Did you know that there is such a thing as nature-deficit disorder? The author of the bestselling book “The Last Child in the Woods” Richard Louv says, “It is the loss of connection of humans to their natural environment. Staying close to nature improves physical, mental, and spiritual well-being. It makes us feel alive from the inside, and we should not compromise it for recent developments like urbanisation, technology, or social media.” That’s why any built surroundings need to incorporate nature because it has always been a part of us.
Former Singapore Prime Minister Lee Kuan Yew once said, “A concrete jungle destroys the human spirit.” We have always depended on nature. It nourishes every aspect of our lives.
The bond between human and nature is a tale as old as time. Ecotherapy is a growing field of science that seeks to prove the strong connection between us. Researchers from the University of Minnesota aptly identified the benefits of spending time in nature; that nature heals, restores, soothes, and reconnects.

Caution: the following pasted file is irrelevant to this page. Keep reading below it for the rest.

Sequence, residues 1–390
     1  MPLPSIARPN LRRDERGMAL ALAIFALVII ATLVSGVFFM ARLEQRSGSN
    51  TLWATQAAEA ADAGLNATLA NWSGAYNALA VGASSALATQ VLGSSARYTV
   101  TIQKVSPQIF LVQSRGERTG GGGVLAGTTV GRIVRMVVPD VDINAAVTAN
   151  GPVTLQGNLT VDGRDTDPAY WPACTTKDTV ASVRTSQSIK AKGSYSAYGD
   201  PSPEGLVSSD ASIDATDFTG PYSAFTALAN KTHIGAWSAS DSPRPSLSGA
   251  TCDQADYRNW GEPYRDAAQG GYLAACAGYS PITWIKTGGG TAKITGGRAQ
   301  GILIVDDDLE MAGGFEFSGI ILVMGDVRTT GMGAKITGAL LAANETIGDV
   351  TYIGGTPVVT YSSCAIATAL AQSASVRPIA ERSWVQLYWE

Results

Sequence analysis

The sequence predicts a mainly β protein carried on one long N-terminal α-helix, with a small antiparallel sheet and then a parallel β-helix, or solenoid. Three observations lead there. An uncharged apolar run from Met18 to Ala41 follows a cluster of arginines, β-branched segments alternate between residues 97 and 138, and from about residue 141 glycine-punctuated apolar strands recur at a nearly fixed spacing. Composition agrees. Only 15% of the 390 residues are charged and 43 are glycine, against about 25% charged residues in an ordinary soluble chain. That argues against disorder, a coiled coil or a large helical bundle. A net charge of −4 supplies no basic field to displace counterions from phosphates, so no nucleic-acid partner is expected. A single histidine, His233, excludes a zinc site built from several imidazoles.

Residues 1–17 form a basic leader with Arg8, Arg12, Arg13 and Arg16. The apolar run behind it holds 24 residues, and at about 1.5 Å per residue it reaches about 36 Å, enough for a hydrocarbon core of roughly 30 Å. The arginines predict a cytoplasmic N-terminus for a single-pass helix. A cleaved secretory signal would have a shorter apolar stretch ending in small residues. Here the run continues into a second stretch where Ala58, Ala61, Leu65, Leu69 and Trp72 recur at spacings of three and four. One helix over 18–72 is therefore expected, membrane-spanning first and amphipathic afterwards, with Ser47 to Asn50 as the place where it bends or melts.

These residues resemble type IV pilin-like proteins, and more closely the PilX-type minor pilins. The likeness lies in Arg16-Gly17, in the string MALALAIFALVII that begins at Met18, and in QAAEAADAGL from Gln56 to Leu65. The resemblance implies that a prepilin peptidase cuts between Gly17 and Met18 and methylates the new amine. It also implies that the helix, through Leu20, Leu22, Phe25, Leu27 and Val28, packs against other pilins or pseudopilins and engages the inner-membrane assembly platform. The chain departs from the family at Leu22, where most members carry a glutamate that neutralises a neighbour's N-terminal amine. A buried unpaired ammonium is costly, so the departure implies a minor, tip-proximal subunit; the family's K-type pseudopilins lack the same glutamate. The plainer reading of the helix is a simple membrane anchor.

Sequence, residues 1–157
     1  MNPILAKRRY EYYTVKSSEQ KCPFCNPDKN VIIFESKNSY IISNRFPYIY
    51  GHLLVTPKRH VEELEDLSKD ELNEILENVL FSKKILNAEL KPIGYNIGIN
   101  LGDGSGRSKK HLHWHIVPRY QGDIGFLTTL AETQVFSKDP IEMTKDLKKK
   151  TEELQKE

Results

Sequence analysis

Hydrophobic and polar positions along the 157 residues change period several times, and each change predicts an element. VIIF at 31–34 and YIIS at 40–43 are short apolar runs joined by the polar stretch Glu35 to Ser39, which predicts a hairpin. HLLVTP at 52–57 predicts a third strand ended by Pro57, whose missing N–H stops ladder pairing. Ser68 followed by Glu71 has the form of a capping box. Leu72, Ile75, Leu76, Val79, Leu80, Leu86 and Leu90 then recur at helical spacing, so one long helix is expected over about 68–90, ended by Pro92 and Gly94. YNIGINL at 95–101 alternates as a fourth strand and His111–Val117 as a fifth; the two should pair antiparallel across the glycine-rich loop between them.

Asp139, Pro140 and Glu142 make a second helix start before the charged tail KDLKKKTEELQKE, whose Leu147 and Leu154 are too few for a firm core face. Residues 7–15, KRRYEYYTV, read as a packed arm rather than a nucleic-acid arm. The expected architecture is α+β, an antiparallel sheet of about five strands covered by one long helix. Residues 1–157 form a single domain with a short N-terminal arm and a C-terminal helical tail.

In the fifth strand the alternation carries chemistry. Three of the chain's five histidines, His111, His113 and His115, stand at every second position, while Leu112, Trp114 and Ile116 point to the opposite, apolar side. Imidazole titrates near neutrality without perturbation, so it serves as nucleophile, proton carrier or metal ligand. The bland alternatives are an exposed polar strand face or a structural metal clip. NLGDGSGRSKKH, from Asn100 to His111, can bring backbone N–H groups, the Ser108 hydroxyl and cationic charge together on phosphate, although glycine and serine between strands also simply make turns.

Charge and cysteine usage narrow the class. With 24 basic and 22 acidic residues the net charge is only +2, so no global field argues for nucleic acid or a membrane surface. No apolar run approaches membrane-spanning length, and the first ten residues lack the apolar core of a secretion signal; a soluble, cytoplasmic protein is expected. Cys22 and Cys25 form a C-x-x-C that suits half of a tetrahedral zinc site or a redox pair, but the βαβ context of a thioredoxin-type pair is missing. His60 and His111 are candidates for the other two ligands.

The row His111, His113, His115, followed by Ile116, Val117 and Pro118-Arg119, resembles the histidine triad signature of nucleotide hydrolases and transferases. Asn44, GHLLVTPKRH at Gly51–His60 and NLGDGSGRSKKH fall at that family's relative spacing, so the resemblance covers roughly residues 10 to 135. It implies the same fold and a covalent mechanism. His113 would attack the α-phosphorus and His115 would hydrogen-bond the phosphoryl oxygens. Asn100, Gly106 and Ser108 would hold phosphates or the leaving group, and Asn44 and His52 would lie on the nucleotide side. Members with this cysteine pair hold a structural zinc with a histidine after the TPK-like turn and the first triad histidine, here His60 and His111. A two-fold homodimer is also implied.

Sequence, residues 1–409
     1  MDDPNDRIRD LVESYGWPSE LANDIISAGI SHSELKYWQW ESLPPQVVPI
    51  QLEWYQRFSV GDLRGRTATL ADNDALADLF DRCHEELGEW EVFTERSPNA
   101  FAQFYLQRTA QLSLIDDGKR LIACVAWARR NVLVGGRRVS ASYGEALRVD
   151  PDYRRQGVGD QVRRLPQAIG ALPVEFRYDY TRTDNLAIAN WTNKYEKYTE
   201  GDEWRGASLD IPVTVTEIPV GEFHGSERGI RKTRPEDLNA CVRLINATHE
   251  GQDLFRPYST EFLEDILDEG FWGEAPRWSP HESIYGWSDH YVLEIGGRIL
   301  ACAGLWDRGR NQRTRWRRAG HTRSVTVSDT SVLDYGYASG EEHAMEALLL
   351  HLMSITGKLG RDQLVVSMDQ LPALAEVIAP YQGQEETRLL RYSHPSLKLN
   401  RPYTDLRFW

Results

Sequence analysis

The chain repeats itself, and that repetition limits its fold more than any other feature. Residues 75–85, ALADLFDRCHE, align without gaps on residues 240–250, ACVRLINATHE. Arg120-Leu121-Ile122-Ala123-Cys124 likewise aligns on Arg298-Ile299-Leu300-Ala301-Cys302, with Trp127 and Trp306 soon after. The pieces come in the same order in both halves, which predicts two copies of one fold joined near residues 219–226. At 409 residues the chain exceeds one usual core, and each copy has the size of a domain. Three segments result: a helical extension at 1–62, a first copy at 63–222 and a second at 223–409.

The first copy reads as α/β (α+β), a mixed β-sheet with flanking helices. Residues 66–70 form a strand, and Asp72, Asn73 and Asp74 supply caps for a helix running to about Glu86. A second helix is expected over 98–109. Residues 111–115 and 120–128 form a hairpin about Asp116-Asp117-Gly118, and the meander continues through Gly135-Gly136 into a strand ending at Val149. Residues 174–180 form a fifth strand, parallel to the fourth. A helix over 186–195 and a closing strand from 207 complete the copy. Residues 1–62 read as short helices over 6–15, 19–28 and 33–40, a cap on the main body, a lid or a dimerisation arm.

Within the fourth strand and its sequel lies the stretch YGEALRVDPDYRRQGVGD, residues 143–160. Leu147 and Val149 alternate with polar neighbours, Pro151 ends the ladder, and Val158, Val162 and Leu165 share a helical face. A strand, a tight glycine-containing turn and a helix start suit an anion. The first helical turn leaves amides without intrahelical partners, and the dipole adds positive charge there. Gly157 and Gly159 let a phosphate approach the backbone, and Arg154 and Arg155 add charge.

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Studies show that spending time in nature reduces stress, anxiety, and depression. Researchers have found evidence that the experience lowers a person’s blood pressure and cortisol level, the stress hormone in our body. This produces a calming effect, soothing our body’s fight-or-flight response. According to Dr. Strauss, Director of Geriatric Psychiatry at Cambridge Health Alliance, “Having something pleasant to focus on like trees and greenery helps distract your mind from negative thinking, so your thoughts become less filled with worry.” Dr. Strauss recommends spending time in a natural environment for 30 minutes at least 2-3 times a week for us to tap into the powerful effect of nature in our mental well-being. It is good then that Hong Kong has pockets of nature tucked within the city and very accessible for people seeking to find peace during this pandemic time.